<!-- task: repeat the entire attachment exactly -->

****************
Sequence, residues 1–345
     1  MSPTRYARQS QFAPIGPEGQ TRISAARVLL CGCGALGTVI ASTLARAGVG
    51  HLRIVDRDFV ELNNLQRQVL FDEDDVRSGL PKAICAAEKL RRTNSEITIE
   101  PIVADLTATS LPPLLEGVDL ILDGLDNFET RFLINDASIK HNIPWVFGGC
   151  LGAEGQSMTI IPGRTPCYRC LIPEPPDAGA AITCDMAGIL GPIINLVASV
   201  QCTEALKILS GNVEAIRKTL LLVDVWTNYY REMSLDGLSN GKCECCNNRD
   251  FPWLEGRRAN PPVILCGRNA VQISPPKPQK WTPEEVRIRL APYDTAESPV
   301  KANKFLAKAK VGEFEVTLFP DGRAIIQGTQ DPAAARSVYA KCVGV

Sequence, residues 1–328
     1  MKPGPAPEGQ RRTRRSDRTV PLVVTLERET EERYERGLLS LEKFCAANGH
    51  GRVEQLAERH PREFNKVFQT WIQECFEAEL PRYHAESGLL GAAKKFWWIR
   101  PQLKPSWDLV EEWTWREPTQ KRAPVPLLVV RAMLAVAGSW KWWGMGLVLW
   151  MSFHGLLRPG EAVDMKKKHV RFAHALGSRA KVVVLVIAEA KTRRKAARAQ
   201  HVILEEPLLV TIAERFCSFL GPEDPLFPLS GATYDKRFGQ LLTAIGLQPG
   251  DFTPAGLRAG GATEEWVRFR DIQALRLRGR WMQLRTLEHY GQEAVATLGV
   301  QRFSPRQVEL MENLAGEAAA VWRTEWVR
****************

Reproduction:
Sequence, residues 1–345
     1  MSPTRYARQS QFAPIGPEGQ TRISAARVLL CGCGALGTVI ASTLARAGVG
    51  HLRIVDRDFV ELNNLQRQVL FDEDDVRSGL PKAICAAEKL RRTNSEITIE
   101  PIVADLTATS LPPLLEGVDL ILDGLDNFET RFLINDASIK HNIPWVFGGC
   151  LGAEGQSMTI IPGRTPCYRC LIPEPPDAGA AITCDMAGIL GPIINLVASV
   201  QCTEALKILS GNVEAIRKTL LLVDVWTNYY REMSLDGLSN GKCECCNNRD
   251  FPWLEGRRAN PPVILCGRNA VQISPPKPQK WTPEEVRIRL APYDTAESPV
   301  KANKFLAKAK VGEFEVTLFP DGRAIIQGTQ DPAAARSVYA KCVGV

Sequence, residues 1–328
     1  MKPGPAPEGQ RRTRRSDRTV PLVVTLERET EERYERGLLS LEKFCAANGH
    51  GRVEQLAERH PREFNKVFQT WIQECFEAEL PRYHAESGLL GAAKKFWWIR
   101  PQLKPSWDLV EEWTWREPTQ KRAPVPLLVV RAMLAVAGSW KWWGMGLVLW
   151  MSFHGLLRPG EAVDMKKKHV RFAHALGSRA KVVVLVIAEA KTRRKAARAQ
   201  HVILEEPLLV TIAERFCSFL GPEDPLFPLS GATYDKRFGQ LLTAIGLQPG
   251  DFTPAGLRAG GATEEWVRFR DIQALRLRGR WMQLRTLEHY GQEAVATLGV
   301  QRFSPRQVEL MENLAGEAAA VWRTEWVR